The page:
Piedone

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Do you have anything specific in mind? Butler had 30k men and faced 20k men around Bermuda Hundred on the James River during the period that Spotsylvania was being fought. The plan didn't work, in part because of Butler's timidity. Are you thinking the same route, or through the Dismal Swamp and into Petersburg?
Well...I am everything but familiar with all the more intricate details and conditions on which such a plan had to be based.
But from my common understanding I´d say

- that the topography favoured defensive operations (of Lee) north of Richmond and the James River presenting many opportunities to find strong positions and draw lines that frustrated almost any attack
- that the confederate army in Virginia could only be supplied with the use of the railroads (which Lee hence was forced to defend)
- that the loss of Richmond was in any case a fatal blow to the Confederacy as it implied the loss of most of it´s ability to produce arms, accoutrement and ammunition - and a heavy blow to the common support of and loyality to "the cause" [I am just citing the phrasing]
- that everything but a swift movement against Petersburg gave Lee the opportunity to gradually shift troops into that region as to the effect of producing an enduring siege (yes, in the end that spelled disaster but...well....one way or another disaster was pretty much inevitable at that time I think...)
- that Lee always was loath to transfer too many troops south of the James as creating a credible threat of Washington was his best card

Also I somehow understood that Grant was sometimes let down by some of his subordinates with their minor quasi-independent operations elsewhere - obviously Lee could still handle such threats as long as they consisted of a force not bigger than about 20.000 when detaching forces and/or creating scratch forces to beat them in detail.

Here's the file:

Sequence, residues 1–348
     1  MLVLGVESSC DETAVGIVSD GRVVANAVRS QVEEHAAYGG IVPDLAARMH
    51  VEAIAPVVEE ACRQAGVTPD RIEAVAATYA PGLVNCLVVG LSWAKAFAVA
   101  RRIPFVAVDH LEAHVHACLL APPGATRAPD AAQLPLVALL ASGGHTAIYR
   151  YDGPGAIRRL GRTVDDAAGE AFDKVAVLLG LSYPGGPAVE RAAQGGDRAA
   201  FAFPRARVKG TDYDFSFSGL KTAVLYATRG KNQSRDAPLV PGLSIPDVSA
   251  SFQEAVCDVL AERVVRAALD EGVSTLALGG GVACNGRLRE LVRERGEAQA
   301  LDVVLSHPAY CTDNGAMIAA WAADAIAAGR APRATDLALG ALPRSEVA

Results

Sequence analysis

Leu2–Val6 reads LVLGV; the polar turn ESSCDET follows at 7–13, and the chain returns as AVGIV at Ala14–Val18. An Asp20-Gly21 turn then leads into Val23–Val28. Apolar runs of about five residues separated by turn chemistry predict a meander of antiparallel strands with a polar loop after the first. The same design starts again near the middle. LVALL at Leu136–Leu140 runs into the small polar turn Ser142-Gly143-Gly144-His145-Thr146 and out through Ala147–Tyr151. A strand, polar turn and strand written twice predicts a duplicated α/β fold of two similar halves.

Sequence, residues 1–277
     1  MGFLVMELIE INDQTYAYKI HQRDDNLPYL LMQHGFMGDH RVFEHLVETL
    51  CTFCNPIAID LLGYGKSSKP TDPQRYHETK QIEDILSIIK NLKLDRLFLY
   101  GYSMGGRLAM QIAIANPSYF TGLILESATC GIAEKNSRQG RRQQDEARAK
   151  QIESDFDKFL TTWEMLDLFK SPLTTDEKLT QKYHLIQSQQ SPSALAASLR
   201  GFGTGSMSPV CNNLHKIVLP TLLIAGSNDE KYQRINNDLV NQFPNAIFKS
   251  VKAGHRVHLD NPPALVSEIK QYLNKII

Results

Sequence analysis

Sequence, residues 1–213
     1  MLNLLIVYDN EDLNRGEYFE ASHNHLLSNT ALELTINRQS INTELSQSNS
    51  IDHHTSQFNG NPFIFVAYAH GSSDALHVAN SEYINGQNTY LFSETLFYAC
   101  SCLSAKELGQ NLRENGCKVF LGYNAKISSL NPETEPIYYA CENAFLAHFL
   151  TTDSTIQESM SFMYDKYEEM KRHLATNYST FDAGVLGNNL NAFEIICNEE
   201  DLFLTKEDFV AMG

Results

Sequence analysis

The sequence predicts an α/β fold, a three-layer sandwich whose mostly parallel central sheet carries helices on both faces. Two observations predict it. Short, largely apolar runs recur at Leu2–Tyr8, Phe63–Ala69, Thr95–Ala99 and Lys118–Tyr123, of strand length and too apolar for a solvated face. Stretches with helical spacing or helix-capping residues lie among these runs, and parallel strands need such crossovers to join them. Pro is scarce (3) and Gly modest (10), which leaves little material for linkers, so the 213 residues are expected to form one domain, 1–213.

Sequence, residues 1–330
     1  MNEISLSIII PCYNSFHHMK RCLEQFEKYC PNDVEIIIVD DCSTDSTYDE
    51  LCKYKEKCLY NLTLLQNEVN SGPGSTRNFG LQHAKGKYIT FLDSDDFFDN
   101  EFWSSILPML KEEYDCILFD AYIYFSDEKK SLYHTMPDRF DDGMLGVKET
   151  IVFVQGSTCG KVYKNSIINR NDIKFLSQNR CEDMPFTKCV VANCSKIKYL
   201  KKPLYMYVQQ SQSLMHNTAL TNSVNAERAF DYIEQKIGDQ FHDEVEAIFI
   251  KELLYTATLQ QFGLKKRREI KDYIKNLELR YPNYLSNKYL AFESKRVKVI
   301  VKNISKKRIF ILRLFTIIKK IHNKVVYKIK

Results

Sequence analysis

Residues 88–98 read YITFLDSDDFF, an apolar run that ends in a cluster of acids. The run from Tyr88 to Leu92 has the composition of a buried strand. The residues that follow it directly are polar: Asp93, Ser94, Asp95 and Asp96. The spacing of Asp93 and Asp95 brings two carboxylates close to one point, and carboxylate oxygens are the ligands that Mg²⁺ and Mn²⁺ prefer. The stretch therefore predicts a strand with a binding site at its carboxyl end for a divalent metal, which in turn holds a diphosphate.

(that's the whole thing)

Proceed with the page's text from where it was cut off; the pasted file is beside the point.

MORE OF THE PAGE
Hence I´d conclude that Grant´s original plan of an operation of 60.000 south of the James
either against the railroads via Suffolk / Weldon
or even a swift landing as close as possible to Petersburg with the intention to take that railroad knot soon
did present great opportunities -

as long as there still was sufficient force north of the James to threaten Richmond with a direct approach.

I cannot really see how Lee should have been able to avoid the loss of the railroads to an army of 60.000 without the use of the bulk of the ANV in southern Virginia / northern North Carolina.
But this implied reducing his forces around Richmond to a point where a breakthrough became possible.

Hence I deem this course could have led to the same (inevitable) outcome in less time and with less losses.
But - of course - those are just phantasies of a complete amateur and armchair-general...